Thursday, January 22, 2009

Checked Vs Unchecked Exceptions

In Java, there are 2 kinds of Exception:

Unchecked Exceptions which indicate some sort of programming error on the part of developer. Unchecked Exceptions are usually subclasses of RuntimeException class. Examples include: 
 --- NullPointerException (which is usually thrown when method is              invoked on a null object)
 --- DivideByZeroException (thrown when divide by zero happens in        your code)
 --- IllegalArgumentException (usually thrown when invalid argument        is passed to a method)
 --- ArrayIndexOutOfBoundsException (thrown when you try to access         array index beyond the memory allocated to it)
 --- ArithmeticException
 --- RuntimeException
If your methods throw an unchecked exception, then your method need not specify it as a part of its API i.e no need to write all the exceptions it throws using "throws" clause.

Checked Exceptions on the other hand, specifies conditions that are not due to human errors but due to conditions that are not in programmer's control. These include conditions such as database errors, network failures, file not found when searching or performing some operation on it. Examples include:
 --- FileNotFoundException
 --- SQLException
 --- PersistenceException
On the other hand, if your code throws any checked conditions, then either you must handle it or specify it using "throws" clause else your program will give compile-time error. 

Checked Vs Unchecked
Use Checked Exception in your code when you Client code (code that calls your code) is capable of dealing with the Exception and have ample knowledge why that Exception occurred in the first place and how to do away with it.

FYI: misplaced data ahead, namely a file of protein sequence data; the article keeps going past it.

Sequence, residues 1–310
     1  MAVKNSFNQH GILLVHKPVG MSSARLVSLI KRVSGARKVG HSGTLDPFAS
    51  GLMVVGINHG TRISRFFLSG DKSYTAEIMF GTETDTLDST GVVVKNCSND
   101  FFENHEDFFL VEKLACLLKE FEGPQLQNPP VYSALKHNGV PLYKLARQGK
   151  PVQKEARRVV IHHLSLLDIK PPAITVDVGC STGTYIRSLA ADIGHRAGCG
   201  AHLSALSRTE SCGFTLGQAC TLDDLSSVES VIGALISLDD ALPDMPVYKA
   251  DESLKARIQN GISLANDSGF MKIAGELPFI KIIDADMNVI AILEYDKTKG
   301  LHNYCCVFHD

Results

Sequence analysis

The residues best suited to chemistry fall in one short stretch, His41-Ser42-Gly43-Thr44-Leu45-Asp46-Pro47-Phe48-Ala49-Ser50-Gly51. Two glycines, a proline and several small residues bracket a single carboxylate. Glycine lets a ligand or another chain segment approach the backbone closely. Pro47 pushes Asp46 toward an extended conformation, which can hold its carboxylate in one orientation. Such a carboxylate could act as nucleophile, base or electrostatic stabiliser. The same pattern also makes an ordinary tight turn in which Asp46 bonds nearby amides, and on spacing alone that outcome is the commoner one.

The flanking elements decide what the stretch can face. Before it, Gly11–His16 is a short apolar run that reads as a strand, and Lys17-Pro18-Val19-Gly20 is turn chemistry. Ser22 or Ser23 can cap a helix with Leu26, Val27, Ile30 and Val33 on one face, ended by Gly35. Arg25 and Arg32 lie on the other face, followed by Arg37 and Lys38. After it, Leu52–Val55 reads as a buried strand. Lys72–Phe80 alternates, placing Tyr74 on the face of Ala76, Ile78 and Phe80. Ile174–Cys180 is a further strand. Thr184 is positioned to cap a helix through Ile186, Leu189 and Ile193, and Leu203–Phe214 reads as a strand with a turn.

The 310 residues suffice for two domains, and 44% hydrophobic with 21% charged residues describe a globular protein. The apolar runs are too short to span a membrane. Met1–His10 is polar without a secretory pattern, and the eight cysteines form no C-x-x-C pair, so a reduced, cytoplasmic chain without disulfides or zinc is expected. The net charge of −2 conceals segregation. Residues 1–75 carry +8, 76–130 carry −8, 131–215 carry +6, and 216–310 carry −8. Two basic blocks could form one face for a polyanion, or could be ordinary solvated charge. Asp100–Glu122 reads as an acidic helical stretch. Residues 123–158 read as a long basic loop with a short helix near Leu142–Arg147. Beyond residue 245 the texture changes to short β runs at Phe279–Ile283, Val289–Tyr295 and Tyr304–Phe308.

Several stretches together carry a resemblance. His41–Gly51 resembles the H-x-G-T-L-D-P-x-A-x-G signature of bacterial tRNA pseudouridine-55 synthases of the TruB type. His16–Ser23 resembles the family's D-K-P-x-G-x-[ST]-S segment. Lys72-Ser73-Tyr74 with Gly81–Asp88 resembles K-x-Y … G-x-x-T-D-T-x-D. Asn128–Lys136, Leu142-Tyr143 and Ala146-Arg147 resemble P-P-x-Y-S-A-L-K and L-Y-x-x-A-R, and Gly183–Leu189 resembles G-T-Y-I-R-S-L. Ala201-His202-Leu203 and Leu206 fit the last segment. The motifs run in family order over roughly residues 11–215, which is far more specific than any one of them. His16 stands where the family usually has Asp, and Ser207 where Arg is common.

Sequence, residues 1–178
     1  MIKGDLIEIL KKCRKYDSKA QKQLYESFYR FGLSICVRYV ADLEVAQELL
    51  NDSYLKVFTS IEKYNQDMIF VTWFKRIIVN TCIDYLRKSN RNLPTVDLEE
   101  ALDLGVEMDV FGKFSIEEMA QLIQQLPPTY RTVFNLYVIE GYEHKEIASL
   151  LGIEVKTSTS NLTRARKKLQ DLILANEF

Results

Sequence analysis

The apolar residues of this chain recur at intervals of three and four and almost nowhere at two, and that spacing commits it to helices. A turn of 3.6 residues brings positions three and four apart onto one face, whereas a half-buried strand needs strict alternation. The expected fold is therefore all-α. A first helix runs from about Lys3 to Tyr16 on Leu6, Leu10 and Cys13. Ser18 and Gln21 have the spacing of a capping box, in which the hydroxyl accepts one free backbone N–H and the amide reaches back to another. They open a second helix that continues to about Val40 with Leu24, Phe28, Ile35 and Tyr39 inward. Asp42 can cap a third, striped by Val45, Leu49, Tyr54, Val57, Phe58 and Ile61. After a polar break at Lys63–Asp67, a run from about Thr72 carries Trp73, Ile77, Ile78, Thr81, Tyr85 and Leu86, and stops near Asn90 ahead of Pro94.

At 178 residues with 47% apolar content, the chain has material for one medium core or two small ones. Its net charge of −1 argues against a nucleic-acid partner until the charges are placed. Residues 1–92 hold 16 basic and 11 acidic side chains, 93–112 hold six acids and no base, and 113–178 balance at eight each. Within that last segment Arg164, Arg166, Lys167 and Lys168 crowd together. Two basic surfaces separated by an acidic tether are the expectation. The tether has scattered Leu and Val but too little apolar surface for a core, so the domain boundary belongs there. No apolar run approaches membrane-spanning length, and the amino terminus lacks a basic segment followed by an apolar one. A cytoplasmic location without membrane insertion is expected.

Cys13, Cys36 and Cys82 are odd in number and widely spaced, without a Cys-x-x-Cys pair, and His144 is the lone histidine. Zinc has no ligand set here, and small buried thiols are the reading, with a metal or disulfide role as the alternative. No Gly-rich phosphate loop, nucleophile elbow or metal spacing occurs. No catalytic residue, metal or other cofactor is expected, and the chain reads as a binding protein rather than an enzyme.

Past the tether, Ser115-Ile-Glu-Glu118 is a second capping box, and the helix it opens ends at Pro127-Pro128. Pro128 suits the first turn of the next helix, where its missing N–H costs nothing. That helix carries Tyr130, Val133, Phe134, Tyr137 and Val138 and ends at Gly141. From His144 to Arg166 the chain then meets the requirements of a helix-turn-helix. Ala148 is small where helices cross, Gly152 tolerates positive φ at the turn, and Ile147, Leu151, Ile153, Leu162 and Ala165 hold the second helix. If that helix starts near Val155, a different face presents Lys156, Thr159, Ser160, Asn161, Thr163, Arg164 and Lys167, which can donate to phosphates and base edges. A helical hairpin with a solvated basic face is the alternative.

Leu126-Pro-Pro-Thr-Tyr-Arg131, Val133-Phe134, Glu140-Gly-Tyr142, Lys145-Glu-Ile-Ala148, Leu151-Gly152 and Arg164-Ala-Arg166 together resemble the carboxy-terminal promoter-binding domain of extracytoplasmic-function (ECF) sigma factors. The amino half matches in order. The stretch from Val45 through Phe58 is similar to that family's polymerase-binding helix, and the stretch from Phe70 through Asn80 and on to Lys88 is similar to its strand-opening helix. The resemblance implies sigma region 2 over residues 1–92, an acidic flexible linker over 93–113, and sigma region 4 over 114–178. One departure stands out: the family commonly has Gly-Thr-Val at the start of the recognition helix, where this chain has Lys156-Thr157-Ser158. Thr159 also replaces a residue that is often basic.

Otherwise, it is always preferable to use Unchecked Exceptions since then the Client code is not forced to handle it and can choose to ignore it. Though that would not solve the problem and the exception would travel high up in hierarchy of function calls and perhaps finally encountered by the JVM, but at least the Client code is saved from the hassle of dealing with Exceptions that they don't know about it.
Let's take an example. Suppose we have a method throwing an SQLException:
The client code would never come to know that why this SQLException occurred, as it has no knowledge of underlying business logic and internal database design. Thus client is unable to handle the exception, so its always better to not force a client to handle an exception he do not know about.

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